July 11, 2013
The Cote d’Azur, easily the most beautiful, interesting, and climate friendly part of our trip. On July 3rd we drove into Valbonne and the home of a high school friend of my sister’s. From the moment we entered that welcoming portal the trip shifted from the edginess of finding our way in a foreign country to the comfort of being with people who knew their way around and took us there. Until we didn’t have to cope with driving, unpacking, finding food, figuring out what to see, seeing it, packing, leaving and starting the process over again, I don’t think any of us were aware of a subtle hum of stress vibrating through our adventures.
And then we got to Joe and Laurent’s. Before we dragged in over packed duffle bags or even saw our rooms, our hosts seated us in a lovely garden, served us appetizers and champagne and sent the clear message: “Relax.” Dinner was five (count them) courses and typically French in the leisurely approach to a meal. Soup, followed by salmon and rice, followed by salad, then a cheese course, and (always) dessert. By the time dinner was over, we had a plan for the next day, our only full day in the area.
A great night’s sleep, a few hundred calories of carbohydrates and we were ready to begin. First we walked to the village nearby—very modern and basically the Silicon Valley of Nice with IBM, Apple and other high tech firms providing the impetus for the design of the town. After that we went to Valbonne for lunch and walked around a bit. Then we were driven a little ways to St. Paul de Vence, a striking example of the fortress like towns that were built high up on hills a long time ago (1200’s I think). Along the narrow streets were galleries and shops and many stairs leading to the top of the village and a stunning view of the valley below. We had so much fun looking at the work of local and international artists and (I confess) shopping. Well, while Noni and I shopped, the men moved on to the next gallery or café. I went through an exhibit of photos of Marc Chagall, who spent the last years of his life in St. Paul de Vence and whose later work was influenced by the colors of the French Riviera. At the summit of the village we took many pictures of the view and each other. Then we left and drove to Nice so that the tourists (us) could see the famous hotels and beaches. Because we needed to be in Cannes in time for the fireworks, we just drove through the very busy and crowded city.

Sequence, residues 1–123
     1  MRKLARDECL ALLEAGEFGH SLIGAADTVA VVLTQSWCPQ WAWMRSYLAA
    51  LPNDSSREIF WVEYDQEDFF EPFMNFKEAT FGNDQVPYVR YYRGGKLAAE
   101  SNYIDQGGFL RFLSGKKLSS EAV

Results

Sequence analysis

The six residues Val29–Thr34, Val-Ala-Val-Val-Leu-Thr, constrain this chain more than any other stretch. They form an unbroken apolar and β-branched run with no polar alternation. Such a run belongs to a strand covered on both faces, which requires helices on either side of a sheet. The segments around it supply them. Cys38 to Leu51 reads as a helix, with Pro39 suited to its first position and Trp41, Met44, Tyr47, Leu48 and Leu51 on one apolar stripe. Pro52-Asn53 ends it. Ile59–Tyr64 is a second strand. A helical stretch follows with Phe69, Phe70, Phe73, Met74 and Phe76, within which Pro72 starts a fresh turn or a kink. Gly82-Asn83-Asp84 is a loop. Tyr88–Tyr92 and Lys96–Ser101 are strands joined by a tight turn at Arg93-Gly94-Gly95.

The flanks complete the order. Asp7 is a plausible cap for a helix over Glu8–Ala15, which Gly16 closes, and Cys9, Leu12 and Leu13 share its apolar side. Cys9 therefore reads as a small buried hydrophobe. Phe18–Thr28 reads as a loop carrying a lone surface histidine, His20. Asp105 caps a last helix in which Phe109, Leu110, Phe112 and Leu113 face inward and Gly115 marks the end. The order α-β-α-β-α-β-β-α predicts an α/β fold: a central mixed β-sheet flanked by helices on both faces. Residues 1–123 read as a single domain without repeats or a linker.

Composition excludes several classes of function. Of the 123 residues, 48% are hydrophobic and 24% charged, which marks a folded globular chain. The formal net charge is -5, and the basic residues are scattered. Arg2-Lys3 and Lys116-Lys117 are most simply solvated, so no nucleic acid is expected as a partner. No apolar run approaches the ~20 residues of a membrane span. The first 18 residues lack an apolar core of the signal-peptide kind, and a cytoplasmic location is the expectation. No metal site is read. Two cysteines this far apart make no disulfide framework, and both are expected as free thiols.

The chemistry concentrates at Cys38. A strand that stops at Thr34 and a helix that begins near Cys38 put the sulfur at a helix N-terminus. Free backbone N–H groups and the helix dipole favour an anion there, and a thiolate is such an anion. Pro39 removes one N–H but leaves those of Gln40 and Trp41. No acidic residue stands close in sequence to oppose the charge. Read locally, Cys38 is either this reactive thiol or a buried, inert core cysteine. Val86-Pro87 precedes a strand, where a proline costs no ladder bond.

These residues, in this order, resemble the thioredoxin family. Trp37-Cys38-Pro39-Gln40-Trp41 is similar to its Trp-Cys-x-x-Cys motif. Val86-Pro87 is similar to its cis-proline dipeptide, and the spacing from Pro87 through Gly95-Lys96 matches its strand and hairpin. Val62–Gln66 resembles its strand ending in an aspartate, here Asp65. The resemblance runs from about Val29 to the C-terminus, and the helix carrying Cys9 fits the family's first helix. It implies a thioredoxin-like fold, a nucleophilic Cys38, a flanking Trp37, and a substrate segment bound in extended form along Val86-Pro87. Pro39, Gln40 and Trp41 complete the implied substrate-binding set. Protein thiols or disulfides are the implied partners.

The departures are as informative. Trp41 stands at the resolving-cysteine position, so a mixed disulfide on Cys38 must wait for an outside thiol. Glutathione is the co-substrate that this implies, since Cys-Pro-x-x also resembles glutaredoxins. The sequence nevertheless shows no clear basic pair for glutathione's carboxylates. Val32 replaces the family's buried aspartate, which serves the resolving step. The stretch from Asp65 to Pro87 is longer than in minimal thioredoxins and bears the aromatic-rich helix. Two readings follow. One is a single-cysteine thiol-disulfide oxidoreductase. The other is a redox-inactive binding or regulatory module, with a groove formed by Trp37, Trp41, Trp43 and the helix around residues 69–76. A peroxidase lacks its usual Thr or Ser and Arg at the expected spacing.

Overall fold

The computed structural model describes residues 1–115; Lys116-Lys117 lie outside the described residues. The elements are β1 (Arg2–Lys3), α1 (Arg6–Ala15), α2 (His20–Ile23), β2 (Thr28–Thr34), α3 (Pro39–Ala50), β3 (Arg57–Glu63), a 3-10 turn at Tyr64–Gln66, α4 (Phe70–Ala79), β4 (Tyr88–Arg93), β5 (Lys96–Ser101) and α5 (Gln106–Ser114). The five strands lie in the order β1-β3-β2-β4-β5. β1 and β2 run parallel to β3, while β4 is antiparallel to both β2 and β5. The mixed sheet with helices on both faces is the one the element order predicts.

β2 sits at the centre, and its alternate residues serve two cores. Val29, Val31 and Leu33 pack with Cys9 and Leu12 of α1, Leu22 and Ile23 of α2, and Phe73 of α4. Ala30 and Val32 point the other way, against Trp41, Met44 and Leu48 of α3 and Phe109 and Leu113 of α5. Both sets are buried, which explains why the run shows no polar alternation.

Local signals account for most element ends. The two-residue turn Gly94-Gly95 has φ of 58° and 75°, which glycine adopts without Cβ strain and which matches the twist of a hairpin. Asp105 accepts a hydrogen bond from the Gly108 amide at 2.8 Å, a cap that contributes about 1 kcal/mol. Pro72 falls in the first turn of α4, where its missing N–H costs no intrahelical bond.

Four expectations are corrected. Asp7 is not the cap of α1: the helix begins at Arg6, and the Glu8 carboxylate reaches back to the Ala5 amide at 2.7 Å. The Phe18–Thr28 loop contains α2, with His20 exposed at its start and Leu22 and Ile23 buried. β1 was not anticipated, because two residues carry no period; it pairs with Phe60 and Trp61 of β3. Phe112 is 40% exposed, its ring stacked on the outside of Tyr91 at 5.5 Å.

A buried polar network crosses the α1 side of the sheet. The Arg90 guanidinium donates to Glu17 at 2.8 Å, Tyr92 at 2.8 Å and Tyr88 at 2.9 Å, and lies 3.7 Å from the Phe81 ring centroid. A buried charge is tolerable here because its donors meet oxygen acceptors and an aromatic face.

It turned out that Cannes has a fireworks competition for several weeks each summer. This year the powers that be decided to add a fireworks display a week before the competition started. I don’t know how it all worked out but Azerbaijan (a country that owns a lot of property in the area) put on the show and they started it with our national anthem since it was Independence Day. Almost everyone on the beach stood up for “The Star Spangled Banner” (and they couldn’t have all been Americans), followed by the national anthem of Azerbaijan, followed by the most fantastic fireworks I’ve ever seen. They were underscored with gorgeous classical music, blasting from speakers on a platform on the Bay of Cannes. It was such a wonderful way to spend our last night in France—perfect, balmy weather, a final serving of fresh fruit ice cream, and the great company of family and friends.
The next day we flew home—well, some of us made it home that day…. The details of that adventure are in “Take the long way home,” a few posts back.